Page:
Onions, celery, and green bell peppers: these three ingredients sound innocuous enough on their own, but when combined together they create the essential backbone of practically every Cajun dish. The mixture of the vegetables is called the Cajun “Holy Trinity” and brings an otherworldly complex layering of flavors to your cooking, no Holy Ghost required.
Given that Cajun cookery is a French-derived cuisine — Cajuns are the descendants of Acadians and French Catholic colonists who, after being exiled from Canada by the British, resettled in New Orleans, Louisiana — it follows that the trinity is a play on the classic French “mirepoix” (a mix of chopped onions, celery, and carrots). The Holy Trinity combines onions, celery, and green peppers, and then sautées them in olive oil or butter with varying amounts of garlic, parsley, and scallions, to release their flavors and form the base of your dish.
The Cajun Holy Trinity can be found in recipes for most gumbos, étouffées, Jambalayas, sauce piquants, red beans and rice, and more.
How to Make the Cajun Holy Trinity
Almost every traditional Cajun recipe calls for the merged flavors of the Holy Trinity to serve as its underpinning, rendering the three aromatic vegetables the most prized ingredients of all in New Orleans cookery.
Essentially, all you need to do is wash your three ingredients (a traditional mirepoix uses two parts onion to one part the rest of the ingredients, while the Holy Trinity tends to use a 1:1:1 ratio), and then chop and mince them up with a sharp knife.
Next, turn your stove on to medium heat, and sauté your vegetables in vegan butter or oil until the water evaporates — this allows the vegetables to begin the caramelization process, thus releasing the residual sugar left behind and creating your base of flavor. Slow cooking is the key here. Once the vegetables begin to cook down, you’re going to want to lower the heat and stir your trinity constantly until its components turn transparent and darken in color. This process should take around 30 to 40 minutes.
If you want, you can add a touch of flour to thicken your Holy Trinity, thereby transforming it into a “roux“, which is a mixture of some kind of culinary fat and flour used in making sauces. If you choose to add garlic in with your sautéeing vegetables, you then are making a Holy Trinity “wit da Pope.” Many Cajun recipes will call for you to garnish with parsley and scallions, so you’ll want to have those ingredients on hand when cooking authentic Cajun dishes.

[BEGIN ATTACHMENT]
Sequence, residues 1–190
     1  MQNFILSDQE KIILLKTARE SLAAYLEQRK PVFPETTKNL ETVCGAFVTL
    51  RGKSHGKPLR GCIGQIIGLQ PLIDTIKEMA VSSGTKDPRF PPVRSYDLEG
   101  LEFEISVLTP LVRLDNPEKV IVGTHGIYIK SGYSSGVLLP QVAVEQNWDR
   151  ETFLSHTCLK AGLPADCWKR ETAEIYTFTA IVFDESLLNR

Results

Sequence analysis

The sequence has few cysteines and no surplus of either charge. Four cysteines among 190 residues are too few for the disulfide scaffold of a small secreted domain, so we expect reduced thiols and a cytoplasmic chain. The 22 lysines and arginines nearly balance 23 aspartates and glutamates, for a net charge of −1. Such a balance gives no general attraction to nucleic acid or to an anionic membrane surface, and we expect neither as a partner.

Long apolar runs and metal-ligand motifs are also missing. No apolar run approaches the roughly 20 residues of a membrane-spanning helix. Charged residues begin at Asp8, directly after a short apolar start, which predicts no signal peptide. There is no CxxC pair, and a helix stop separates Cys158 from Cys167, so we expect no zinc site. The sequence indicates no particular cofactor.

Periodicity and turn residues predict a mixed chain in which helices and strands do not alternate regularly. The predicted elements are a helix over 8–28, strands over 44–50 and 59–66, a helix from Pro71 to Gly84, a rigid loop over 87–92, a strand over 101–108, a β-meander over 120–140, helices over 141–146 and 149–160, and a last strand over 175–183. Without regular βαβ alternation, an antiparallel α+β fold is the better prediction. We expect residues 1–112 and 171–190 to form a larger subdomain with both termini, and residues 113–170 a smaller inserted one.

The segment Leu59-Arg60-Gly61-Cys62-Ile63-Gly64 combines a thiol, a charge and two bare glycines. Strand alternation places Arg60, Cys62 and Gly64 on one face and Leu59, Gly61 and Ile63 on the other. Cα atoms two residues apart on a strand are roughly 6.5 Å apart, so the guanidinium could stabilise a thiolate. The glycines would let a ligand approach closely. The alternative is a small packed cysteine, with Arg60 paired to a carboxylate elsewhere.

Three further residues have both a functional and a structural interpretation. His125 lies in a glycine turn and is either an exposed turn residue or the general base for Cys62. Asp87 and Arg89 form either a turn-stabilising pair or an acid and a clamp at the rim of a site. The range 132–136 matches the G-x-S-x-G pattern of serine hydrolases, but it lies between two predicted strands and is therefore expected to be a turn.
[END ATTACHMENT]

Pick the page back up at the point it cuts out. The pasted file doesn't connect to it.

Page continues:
Put Your Knowledge to Use
Once you’ve grasped the correct method and learn how to execute the Holy Trinity, you’re ready to commence your new career as a plant-based Cajun Masterchef. Here are some different dishes you’ll want to begin cooking to showcase off your new skills:
Gumbo reigns supreme as perhaps the number one famous Louisiana dish. There are countless ways to prepare a savory pot of gumbo, which is a stew that’s documented references first appeared around the turn of the 19th century. If you’re making gumbo, you’re going to add flour to your Holy Trinity to make a roux, as showcased in the recipe for this vegan “Meaty” Gumbo above.
Jambalaya is a Louisiana dish that traditionally consists of meat mixed with vegetables and rice. If your one-pot jambalaya recipe features tomatoes, it’s actually a Creole recipe. This Easy Cajun Jambalaya is, therefore, a Creole take, as it begins with your Holy Trinity, and is then loaded with tomatoes, Cajun seasoning, paprika, thyme, sweet peppers, and jalapeños.
Dirty rice is a traditional Cajun dish that is made from white rice that gets a “dirty” color after it’s cooked with the Holy Trinity and small pieces of protein. Traditionally, of course, those pieces of protein come from chicken, but in the recipe for Cajun Tofu With Dirty Quinoa above, the protein is instead tofu. Finish off your dirty rice by seasoning it with cayenne and black pepper.
The Holy Trinity will also feature as the base in such Cajun dishes as étouffée, a French term which translates to “to smother”, like in this vegan Cauliflower Etouffée With Andouille recipe, or this plant-based Creole-Style Eggplant and Tofu Étouffée. These Cajun Quinoa Cakes & Lemon-Dill-Sriracha Rémoulade use the Holy Trinity as the base of their patties,
If you’re looking for ways to infuse your dishes with the flavor of the Holy Trinity, recipes like these gluten-free Cajun-Spiced Jackfruit Sandwiches use celery salt, onion granules, and pepper to mimic the traditional veg-based Trinity; the same method is used to flavor this recipe for gluten-free Cajun Tofu With Creamy Grits and Collard Greens.
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Lead image source: Easy Cajun Jambalaya